Skip to main content

Trinity College Dublin, The University of Dublin

Trinity Menu Trinity Search

You are here Projects > Food Smart Dublin > Recipes

February Recipe

We will publish historical recipes on this website until the end of this project in late Spring 2021. Ideally, these recipes are made available on a monthly basis. This is not always possible due to the challenges the COVID-19 pandemic has brought with it.
We still publish recipes that fit the season, are sustainable, easy enough to cook and can be locally sourced in order to be repeated at home with ordinary kitchen tools and basic cooking skills. We publish the original as well as the appetising reimagined version by our creative and skilled chefs. This month's recipe was reimagined by our official partner Niall Sabongi.

We created a google map of fishmongers and seafood shops in and around Dublin where you can get your seafood for your recipe. We update this map whenever we can, but it is by no means exhaustive and if you can't find your local or favourite seafood shop here or you're a fishmonger who would like to be added, please get in touch and we will update our map.
Enjoy your seafood experience!

February recipe: Gurnard

  • 1
  • 2
  • 3
  • 4
  • 5
  • ?

Click for gurnard sustainability info

Click on the gurnard to find out about its history and ecology.

Niall's Fish Curry

prep: 10mins; cook: 30mins; difficulty level: easy; serves 4- 6


  • 1kg Gurnard, cut into 5cm chunks
  • 60ml vegetable oil
  • 1 tbsp yellow mustard seeds
  • 1 tbsp white pepper crushed
  • 1 large onion, finely chopped
  • 3 good-sized garlic cloves, finely crushed
  • 1 thumb-sized fresh ginger
  • 30 fresh curry leaves
  • 2 tps Kashmiri chilli powder
  • 2 tsp cayenne powder
  • 2 tsp ground coriander
  • 2 tsp turmeric powder or thumb of grated fresh
  • 400g chopped tomatoes (alternatively use 1 tin chopped tomatoes)
  • 100ml lime juice
  • 2 green chillies (use less if going mild), sliced lengthways into 6 pieces
  • Bunch fresh coriander leaves
  • 1 tsp salt


  1. Heat the oil in a heavy-based saucepan over medium heat.
  2. When hot, add the mustard seeds and fry for 30 seconds until they start to pop, then add white pepper for 20 seconds, add the onion and garlic and fry gently for about 10 mins until softened and slightly golden.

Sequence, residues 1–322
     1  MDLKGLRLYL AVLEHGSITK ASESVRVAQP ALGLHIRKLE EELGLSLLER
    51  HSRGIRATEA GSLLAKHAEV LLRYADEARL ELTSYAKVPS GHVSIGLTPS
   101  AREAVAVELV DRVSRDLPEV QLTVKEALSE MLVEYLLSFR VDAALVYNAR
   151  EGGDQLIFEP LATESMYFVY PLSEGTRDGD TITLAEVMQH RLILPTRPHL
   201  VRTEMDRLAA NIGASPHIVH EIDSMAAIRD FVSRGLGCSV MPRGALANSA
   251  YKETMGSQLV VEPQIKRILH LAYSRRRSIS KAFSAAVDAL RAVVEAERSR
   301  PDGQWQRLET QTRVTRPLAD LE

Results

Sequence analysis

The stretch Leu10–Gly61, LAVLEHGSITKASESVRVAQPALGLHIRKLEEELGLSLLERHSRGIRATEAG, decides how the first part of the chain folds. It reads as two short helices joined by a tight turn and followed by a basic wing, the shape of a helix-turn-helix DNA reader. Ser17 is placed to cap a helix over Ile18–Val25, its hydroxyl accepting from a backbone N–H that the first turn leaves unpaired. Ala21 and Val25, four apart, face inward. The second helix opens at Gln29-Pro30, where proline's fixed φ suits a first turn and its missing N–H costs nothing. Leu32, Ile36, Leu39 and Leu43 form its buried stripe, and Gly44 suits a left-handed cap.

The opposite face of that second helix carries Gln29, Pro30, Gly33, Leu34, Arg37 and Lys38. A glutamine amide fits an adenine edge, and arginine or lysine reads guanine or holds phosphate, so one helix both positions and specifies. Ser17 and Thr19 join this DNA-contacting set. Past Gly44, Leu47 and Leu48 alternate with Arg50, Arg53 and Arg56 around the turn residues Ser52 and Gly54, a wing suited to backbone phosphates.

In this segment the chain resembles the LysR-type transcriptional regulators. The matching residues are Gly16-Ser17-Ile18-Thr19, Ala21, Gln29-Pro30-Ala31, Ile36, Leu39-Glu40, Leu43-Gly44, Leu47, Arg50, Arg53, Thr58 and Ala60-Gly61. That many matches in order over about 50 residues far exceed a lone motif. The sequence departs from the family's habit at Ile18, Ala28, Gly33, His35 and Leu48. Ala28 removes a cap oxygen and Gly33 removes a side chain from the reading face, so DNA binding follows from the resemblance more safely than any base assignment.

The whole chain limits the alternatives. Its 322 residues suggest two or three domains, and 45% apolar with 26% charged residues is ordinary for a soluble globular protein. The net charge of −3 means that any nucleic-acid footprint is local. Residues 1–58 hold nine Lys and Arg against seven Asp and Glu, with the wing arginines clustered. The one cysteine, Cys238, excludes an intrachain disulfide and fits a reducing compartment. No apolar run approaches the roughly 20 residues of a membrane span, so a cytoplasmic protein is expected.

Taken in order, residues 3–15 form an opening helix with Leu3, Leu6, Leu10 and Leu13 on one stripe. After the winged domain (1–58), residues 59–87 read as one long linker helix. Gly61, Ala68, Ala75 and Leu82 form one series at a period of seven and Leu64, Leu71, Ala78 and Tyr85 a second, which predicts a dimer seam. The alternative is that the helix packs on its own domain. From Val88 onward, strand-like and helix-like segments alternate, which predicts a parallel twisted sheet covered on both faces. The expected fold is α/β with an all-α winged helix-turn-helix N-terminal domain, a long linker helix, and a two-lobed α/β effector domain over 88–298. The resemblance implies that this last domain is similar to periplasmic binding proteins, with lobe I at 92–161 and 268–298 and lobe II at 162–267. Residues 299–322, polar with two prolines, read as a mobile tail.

3. Add the curry leaves, chilli powder, cayenne powder, coriander and turmeric and fry for 2 mins.
  4. Then stir in the tomatoes, lime juice, green chillies and salt and let it simmer for about 10 mins until rich and reduced.
  5. Add 200ml of water.
  6. Add your fish chunks and cook for a further 5 mins or until the fish is cooked through.
  7. Stir in fresh coriander leaves and season with salt and lime. You may want to add a little sugar depending on your taste and the tomatoes you used.
To serve

Boiled basmati rice works well with this, especially when flavoured with toasted desiccated coconut and fresh coriander leaves. If you want it with an Irish touch, boil your favourite potatoes and serve them with this curry.

To garnish

Niall likes to garnish his dish with a few more bits and bobs to elevate it. He recommends a dollop of créme fraiche and toasted almond flakes as well as crispy onions. Yum!

Side Salad

Niall likes to have a little salad with this curry. Typically, he dices up tomatoes, onion and cucumber and seasons with shredded fresh mint, chopped up coriander stems, chilli flakes, salt, pepper, cumin, lemon juice and rapeseed oil.

Niall's tip:

If you can't find gurnard, any meaty white fish will make a good alternative such as monkfish, sea bass or small cod and haddock.
I like the fish cut on the bone as I eat with my fingers and love getting messy. Plus the bones add a depth of flavour and also thicken the sauce.

Don't forget to complete our Questionnaire (5-10 mins)

Take part in our monthly social media competition for best pic/post and win a €20 voucher for Sustainable Seafood Ireland. Simply upload your pic/post to twitter or instagram and tag us @foodsmartdublin.

We completed our archival work to identify historical, local seafood recipes of the Dublin coast communities. We searched through the archive of the National Library of Ireland on Kildare street in Dublin, and visited the National Folklore Collections at University College Dublin (UCD). To optimise our outcome we listened to sound archives from the Urban Folklore Project carried out by UCD in 1979-1980. Even though our archival work is officially completed now, we keep our ears and eyes open for any seafood recipes that may have been commonly used in Dublin up to the 1950s. If you have a seafood recipe from your Nana or parents or greatgreat grandparents, please get in touch with us. We would love to hear from you!

At the end of our project, we'll have twelve reimaginged historical recipes that are the flagship of Food Smart Dublin. we will publish these recipes in the form of a Food Smart Dublin recipe book including the stories surrounding each seafood, the nutritional values as well as the organism's natural habitat and lifecycle.

Recent Recipes

Below you will find all the recipes we cooked. You can cook them anytime until they are out of season. Information on the seasons can be found in the sustainability section of each recipe or in our seasonality summary chart. Enjoy your sustainable seafood!

January - Pan-fried Hake

February - Niall's Fish Curry

March - Baked Scallops

April - Potted Crab

May - Cod Head Terrine.

June - Pan roasted megrim sole.

July - Samphire Chowder.

August - Mackerel with Rhubard and Gooseberry Relish

September - Oyster soup in bread cups

October - Pickled Cockles & Mussels

November - Prawn stew starter

December - Smoked Mackerel & Potato Salad